In the past 2 weeks he has uploaded 67 videos produced in spartan, iso-quarantine fashion, mostly reviewing recordings but also sprinkled in are some "music chats" . . . with himself.
Enjoy, and you're welcome.
P.S. I've subscribed!
I don't take anything Mr. Hurwitz says seriously. To me he is a pompous gasbag.
RANDY WOLFGANG
2020-05-29 03:13:37 UTC
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Post by c***@cua.edu
Post by Oscar
Uploaded 5/26/20: "Evgeny Svetlanov thoroughly humiliates himself with this ghastly set of Mahler symphonies (Warner Classics). You can do better anywhere else."
http://youtu.be/UBvECavsdog
In the past 2 weeks he has uploaded 67 videos produced in spartan, iso-quarantine fashion, mostly reviewing recordings but also sprinkled in are some "music chats" . . . with himself.
Enjoy, and you're welcome.
P.S. I've subscribed!
I don't take anything Mr. Hurwitz says seriously. To me he is a pompous gasbag.
you are not alone
Mr. Mike
2020-05-29 05:11:51 UTC
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Post by c***@cua.edu
I don't take anything Mr. Hurwitz says seriously. To me he is a pompous gasbag.
What an irritating individual.

I only listened to this "review" of the Svetlanov Mahler box.

Some audio excerpts would have been much more interesting than
listening to him try to use every possible synonym in his thesaurus
for "bad."
s***@nycap.rr.com
2020-05-29 12:16:38 UTC
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Post by c***@cua.edu
I don't take anything Mr. Hurwitz says seriously. To me he is a pompous gasbag.
Really? I'm not trying to start a fight or anything but I appreciate what he does. He clearly loves CM and has informed opinions about recordings which he generously shares with us. Educated, knowledgeable entertaining -- what more could you want? I recently purchased the 10-disc Sandor Vegh set of Mozart Serenades & Divertimenti on his recommendation and it's wonderful. I have several other recordings I only purchased because of his reviews. I even have some I bought because he said they were CDs from Hell. And I like some of them too! He provides what I get from magazines and from this NG and does it all for free. I'll be he even helps little old ladies cross the street. What a guy!

Just my 2 cents.

MIFrost
Hank Drake
2020-05-29 12:38:03 UTC
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Post by s***@nycap.rr.com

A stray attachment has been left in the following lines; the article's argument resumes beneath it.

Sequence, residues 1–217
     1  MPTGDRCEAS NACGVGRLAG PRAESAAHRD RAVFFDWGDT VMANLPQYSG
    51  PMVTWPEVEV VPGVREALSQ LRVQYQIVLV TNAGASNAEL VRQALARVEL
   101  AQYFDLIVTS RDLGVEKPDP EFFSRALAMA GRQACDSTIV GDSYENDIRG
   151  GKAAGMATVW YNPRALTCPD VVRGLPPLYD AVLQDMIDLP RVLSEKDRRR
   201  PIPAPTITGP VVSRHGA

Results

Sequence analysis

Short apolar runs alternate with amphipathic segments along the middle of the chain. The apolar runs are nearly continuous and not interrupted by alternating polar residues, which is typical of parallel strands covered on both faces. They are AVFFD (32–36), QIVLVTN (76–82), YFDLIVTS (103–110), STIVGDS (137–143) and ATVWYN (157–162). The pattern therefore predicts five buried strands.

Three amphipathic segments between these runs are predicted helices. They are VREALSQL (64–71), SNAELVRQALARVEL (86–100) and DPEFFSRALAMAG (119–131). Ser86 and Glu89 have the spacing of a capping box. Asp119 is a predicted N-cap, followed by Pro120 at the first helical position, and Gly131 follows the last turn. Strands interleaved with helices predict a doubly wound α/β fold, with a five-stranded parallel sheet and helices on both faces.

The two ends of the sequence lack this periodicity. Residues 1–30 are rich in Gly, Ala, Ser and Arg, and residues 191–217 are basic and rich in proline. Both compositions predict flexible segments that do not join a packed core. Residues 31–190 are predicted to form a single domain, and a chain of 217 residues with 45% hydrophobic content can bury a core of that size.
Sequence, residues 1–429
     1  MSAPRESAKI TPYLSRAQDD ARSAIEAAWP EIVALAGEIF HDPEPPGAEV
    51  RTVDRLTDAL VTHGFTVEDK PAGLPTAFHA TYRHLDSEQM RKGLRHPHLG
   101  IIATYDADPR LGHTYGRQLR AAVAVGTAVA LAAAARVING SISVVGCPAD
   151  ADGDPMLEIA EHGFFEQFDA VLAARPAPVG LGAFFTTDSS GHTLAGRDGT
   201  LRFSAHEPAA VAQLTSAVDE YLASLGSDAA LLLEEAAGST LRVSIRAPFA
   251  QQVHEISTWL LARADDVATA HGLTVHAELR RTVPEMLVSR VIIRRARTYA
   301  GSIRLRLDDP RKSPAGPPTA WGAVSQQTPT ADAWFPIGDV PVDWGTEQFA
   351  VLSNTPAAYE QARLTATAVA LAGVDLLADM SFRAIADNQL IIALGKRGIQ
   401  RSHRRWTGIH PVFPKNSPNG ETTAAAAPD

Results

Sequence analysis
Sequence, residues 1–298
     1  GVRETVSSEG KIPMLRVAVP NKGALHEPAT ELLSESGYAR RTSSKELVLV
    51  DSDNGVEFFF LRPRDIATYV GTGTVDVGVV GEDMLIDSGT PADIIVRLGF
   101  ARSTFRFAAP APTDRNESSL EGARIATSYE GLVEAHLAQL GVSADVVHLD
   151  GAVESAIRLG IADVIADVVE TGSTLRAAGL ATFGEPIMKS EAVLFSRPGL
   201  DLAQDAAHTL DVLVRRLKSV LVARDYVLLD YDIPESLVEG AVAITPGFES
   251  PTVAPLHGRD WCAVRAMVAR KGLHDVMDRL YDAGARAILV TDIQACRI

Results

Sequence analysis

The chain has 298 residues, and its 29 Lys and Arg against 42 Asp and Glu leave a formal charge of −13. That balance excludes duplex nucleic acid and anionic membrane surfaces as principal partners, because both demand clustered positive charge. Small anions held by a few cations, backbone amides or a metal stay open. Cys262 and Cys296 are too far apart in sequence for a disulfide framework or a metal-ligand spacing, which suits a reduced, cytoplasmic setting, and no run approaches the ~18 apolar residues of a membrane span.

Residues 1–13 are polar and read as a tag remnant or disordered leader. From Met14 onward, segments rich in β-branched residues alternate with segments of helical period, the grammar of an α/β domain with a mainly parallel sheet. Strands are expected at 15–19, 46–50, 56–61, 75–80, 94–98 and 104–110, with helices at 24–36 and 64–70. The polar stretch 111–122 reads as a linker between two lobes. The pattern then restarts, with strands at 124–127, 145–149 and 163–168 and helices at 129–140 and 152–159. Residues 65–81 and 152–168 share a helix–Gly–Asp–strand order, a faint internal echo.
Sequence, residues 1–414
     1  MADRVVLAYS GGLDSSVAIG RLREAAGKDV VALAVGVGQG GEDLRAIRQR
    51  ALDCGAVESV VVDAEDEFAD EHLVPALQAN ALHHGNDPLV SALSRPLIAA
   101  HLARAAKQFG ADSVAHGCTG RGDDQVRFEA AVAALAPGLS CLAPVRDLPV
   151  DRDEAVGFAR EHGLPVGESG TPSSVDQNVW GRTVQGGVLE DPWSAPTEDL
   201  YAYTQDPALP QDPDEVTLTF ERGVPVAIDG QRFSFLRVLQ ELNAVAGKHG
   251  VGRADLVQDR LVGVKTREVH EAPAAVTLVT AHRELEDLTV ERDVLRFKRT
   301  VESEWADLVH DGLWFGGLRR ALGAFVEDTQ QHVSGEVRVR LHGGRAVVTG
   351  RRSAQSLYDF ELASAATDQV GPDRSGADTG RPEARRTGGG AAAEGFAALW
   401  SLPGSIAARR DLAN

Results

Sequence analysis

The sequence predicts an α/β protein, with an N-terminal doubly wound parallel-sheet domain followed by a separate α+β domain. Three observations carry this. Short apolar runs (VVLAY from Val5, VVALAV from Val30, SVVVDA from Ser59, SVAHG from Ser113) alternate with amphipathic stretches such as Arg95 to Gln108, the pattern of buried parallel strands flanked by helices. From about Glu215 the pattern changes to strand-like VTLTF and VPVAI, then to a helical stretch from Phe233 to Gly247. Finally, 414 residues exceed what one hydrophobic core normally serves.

Really? I'm not trying to start a fight or anything but I appreciate what he does. He clearly loves CM and has informed opinions about recordings which he generously shares with us. Educated, knowledgeable entertaining -- what more could you want? I recently purchased the 10-disc Sandor Vegh set of Mozart Serenades & Divertimenti on his recommendation and it's wonderful. I have several other recordings I only purchased because of his reviews. I even have some I bought because he said they were CDs from Hell. And I like some of them too! He provides what I get from magazines and from this NG and does it all for free. I'll be he even helps little old ladies cross the street. What a guy!
Just my 2 cents.
MIFrost
Agreed. I find most of his reviews entertaining and even charming. I don't necessarily agree with everything he says, but he has a definite point of view and that view is backed up by solid knowledge. If one doesn't agree, as Vladimir Horowitz once said "It's just opinion!".

Hank
Hank Drake
2020-05-29 12:43:57 UTC
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It's also amusing Hurwitz wears a new shirt for each video, although he's posting (and probably filming) multiple videos per day. Also he wears a tie for his review of Beethoven's 9th discs because "one HAS to wear a tie for Beethoven's 9th". For me, one of the few benefits of this whole lockdown has been that I haven't worn a dress shirt since April.

Hank
Bob Harper
2020-05-29 15:35:05 UTC
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Post by s***@nycap.rr.com
Post by c***@cua.edu
I don't take anything Mr. Hurwitz says seriously. To me he is a pompous gasbag.
Really? I'm not trying to start a fight or anything but I appreciate what he does. He clearly loves CM and has informed opinions about recordings which he generously shares with us. Educated, knowledgeable entertaining -- what more could you want? I recently purchased the 10-disc Sandor Vegh set of Mozart Serenades & Divertimenti on his recommendation and it's wonderful. I have several other recordings I only purchased because of his reviews. I even have some I bought because he said they were CDs from Hell. And I like some of them too! He provides what I get from magazines and from this NG and does it all for free. I'll be he even helps little old ladies cross the street. What a guy!